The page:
Out of ignorance I can’t comment on how common people being forced to work here is – I’ve never had a worker say that to be but that’s not the type of conversations we’ve had. A big part of the story that always seems to be missed is if there is people trafficking then the workers governments must be complicit as they value the remittances they send back. I gather that the home countries negotiate their citizens’ minimum wage and often approved agents in the visa treaty allowing guest workers to come. Chinese make 25% more than Bangladeshis as the Bangladesh government undercuts the market in the need for remittances while the Chinese want to keep skilled labour at home.
Conditions for many have been getting better, British journalists don’t seem to believe this but anyone in construction can tell you that. All the large contractors have shiny new camps built or under construction but if they are the same quality as their luxury flats the toilets will over flow and it will smell of shit there too. When almost half the world lives on less that a dollar a day there will always be people who are willing to do back breaking labour in extreme heat and dangerous conditions to support their loved ones. I don’t see the collapse of the construction market as a humanitarian triumph, the knock on impact for the families and villages in poverty supported by remittances won’t be pretty.
The fact is workers aren’t slaves – they travel away from their camps on their day off, you meet them in the shops, they come over to smile and play with the kids, you can chat with them about cricket, I’ve played football in labour camps. Poverty is always more shocking when you have something in common and what stops workers running away from hard lives you wouldn’t wish on your enemies is that they need the money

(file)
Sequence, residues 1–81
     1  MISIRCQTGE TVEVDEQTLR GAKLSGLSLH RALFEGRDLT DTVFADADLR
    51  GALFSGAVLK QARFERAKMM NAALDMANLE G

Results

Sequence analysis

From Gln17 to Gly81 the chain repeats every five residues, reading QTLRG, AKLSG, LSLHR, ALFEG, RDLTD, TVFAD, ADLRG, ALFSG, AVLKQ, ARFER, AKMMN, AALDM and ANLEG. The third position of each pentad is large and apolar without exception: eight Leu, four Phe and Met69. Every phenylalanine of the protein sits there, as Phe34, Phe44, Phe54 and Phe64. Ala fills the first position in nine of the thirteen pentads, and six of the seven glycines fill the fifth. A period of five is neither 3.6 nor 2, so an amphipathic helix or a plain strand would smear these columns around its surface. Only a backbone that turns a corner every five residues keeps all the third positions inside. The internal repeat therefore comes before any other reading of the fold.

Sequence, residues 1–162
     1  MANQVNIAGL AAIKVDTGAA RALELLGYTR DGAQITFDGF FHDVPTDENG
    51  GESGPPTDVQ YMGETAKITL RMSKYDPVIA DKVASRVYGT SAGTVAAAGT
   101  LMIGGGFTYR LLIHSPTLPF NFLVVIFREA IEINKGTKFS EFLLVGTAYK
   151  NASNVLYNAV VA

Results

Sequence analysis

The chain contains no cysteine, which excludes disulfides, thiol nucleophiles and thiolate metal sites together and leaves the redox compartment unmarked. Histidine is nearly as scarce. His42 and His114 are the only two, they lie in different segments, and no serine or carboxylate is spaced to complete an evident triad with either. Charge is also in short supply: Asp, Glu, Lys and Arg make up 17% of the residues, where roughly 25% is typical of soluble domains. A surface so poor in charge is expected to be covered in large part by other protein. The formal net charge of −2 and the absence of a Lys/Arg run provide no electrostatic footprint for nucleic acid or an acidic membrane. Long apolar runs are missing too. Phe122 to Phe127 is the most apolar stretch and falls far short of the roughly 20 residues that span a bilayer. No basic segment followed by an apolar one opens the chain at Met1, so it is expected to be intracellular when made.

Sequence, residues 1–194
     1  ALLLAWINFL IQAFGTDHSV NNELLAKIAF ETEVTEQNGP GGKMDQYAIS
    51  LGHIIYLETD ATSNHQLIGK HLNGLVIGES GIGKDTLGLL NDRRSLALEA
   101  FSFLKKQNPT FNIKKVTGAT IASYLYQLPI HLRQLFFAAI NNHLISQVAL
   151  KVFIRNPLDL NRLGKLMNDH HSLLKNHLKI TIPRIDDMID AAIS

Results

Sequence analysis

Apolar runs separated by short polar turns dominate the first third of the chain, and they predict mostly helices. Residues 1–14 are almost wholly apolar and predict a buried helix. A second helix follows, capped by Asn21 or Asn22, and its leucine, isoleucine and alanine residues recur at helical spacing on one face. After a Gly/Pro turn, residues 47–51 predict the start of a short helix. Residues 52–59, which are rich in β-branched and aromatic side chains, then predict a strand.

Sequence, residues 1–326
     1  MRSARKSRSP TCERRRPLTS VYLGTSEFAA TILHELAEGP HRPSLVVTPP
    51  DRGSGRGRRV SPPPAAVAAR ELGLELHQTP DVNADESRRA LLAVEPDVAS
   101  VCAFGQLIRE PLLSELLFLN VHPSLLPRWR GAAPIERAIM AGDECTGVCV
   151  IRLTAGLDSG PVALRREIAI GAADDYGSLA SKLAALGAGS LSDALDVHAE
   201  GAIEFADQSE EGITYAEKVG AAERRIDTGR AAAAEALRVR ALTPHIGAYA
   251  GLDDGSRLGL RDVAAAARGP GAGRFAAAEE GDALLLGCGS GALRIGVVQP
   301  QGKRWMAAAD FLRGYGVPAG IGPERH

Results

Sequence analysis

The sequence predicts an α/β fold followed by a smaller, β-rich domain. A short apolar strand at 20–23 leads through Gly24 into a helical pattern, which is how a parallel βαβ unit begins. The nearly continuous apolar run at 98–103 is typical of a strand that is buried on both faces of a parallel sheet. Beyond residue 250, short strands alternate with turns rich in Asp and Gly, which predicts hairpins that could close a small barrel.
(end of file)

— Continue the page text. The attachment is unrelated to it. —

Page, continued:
The Guardian
got this angle the other day

That’s a new story for the UK, The Indy column isn’t
Going on with the article, I must say I find Emiratis friendly so I’m surprised at the response he feels he had. I wonder if he was a little culturally insensitive? There’s ways you talk to Emiratis and there’s ways you broach a difficult subject if you want to discuss it. And drawing conclusions about British expats from a visit to Double Deckers is like drawing conclusions on Australians from a visit to the Shepherd’s Bush walkabout. It appears that the author wants to picture everyone who lives in Dubai as being an easily to characterise unpleasant stereotype - unless they are gay. The aloof, materialistic Arab, the drunken, ignorant Brit, the downtrodden, poor Asian etc. Something the reader can recognise in their own prejudices and nod their head to.
I can’t see why the endless fascination with Dubai from the UK press can draw so many column inches yet so rarely produce something new. Can’t say I think much of that columnist anyway. I prefer
Mark Steel, Jeremy Warner - and Robert Fisk of course. 


torpidai wrote:
Thursday, 9 April 2009 at 12:41 pm (UTC)
If ever you need a different perspective on somewhere, give me 24 hours notice, full travel costs and a minimum daily wage, enough rope to gag the wife... :)
matgb wrote:
Thursday, 9 April 2009 at 01:11 pm (UTC)
Jimmy, is there a chance you could remove the inline font=black style? It'll still display as black on your area, but one of the biggest advantages of LJ as a platform is the ability to override styles--pale backgrounds give me a headache, so I read most in my style, which needs light coloured text.

Also? D'you need to crosspost everything? It's best not to duplicate content, and identical posts on both your blog and the editors blog is duplication--a link from here to the main post there is more acceptable.
jleach wrote:
Thursday, 9 April 2009 at 01:22 pm (UTC)
I should fiddle with the text more - I'll have a look. Aplogies.

I cross-post because the feed to the front page of the Independent is made up of a friend's feed from me. the editor's blog is really the primary one, this is just to show willing. But you're right, a link would be better and save some faffing, too.